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Washington Uses Test Data and Geology Mapping to Inform the Public about Radon Potential

by Margaret Henderson

The Washington State Department of Health publishes test results on its Washington Tracking Network, with results updated to 2017, making radon test results from 1989-2017 available. Statewide, in 2017 a total of 2669 test results revealed that 24.8% were above 4 pCi/L, the USEPA recommended action level. The Department attributes radon as being the single largest source of radiation for almost everyone in Washington.

In order to promote testing and mitigation, the Washington Tracking Network provides mapping of test results, which includes a geology layer that shows characteristics of the surface geology as they relate to the potential for radon exposure.

* The rank of “high potential” is applied when the geology contains uranium or rocks that contain uranium. In Washington, uranium deposits are present in some parts of the state. Commercial mining also took place, ceased production and entered into reclamation.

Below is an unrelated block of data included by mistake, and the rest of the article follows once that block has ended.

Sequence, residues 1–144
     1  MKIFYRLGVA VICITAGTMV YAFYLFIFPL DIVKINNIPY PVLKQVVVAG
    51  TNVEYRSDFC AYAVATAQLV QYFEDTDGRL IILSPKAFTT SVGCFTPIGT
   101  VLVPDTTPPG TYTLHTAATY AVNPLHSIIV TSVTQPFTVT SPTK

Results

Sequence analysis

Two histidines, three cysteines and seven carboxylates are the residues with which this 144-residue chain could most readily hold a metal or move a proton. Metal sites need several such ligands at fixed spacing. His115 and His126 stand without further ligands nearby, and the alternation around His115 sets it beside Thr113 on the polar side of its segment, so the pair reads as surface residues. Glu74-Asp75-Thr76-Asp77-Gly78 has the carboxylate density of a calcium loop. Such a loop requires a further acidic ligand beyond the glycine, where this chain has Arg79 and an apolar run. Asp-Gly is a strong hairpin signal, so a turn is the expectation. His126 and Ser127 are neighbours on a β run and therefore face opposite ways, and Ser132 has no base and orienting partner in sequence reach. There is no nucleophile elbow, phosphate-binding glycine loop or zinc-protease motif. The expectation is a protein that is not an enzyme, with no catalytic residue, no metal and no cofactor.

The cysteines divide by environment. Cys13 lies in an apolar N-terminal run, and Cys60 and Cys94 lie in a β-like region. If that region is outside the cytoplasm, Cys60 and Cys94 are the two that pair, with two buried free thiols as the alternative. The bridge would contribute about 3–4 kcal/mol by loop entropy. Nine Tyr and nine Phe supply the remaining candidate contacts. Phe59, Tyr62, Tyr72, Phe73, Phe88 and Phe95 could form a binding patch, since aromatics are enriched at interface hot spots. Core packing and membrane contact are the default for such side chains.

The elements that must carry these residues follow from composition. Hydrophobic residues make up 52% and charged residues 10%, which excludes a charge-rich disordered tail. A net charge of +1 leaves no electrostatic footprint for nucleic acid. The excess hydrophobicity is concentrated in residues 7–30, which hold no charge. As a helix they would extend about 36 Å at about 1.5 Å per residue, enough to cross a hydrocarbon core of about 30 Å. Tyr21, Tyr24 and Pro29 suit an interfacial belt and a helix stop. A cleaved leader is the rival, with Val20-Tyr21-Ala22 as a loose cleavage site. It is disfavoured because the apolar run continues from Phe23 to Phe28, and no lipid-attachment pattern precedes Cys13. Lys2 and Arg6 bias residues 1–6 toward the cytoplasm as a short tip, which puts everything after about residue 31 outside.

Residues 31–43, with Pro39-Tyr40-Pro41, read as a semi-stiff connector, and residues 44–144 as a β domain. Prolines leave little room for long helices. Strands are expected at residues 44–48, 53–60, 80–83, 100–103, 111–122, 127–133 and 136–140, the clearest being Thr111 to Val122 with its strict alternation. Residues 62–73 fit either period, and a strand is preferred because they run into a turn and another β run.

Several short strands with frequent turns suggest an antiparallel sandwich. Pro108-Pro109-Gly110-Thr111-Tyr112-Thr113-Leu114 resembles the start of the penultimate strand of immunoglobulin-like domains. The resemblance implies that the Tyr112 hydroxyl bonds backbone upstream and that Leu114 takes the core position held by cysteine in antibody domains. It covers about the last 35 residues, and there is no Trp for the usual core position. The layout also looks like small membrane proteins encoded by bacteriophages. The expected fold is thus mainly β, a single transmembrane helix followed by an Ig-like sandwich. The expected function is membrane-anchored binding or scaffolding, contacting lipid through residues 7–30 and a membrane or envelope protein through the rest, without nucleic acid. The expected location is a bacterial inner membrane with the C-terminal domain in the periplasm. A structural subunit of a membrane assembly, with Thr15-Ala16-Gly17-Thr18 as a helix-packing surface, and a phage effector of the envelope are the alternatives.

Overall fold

* The “medium potential” applies when the local geology may have uranium containing rock deposited from glacial and other events such as the Missoula Floods (13,000-15,000 years ago) that brought uranium rich rocks into the area.

* A “low potential” exists when the soil is unlikely to contain uranium.

The Washington State Department of Natural Resources classified 57,000 identifiable rock and soil areas to place them into categories of potential for producing radon in order to create the geology map layer.

By providing the geology layer for the mapping, finer detail and explanation of radon potential is illustrated for the public. Along with test data (county, census tract and state level) and the geology layer, residents are given a better explanation of radon potential in Washington.

For more information, contact: Tina Echeverria tina.echeverria@doh.wa.gov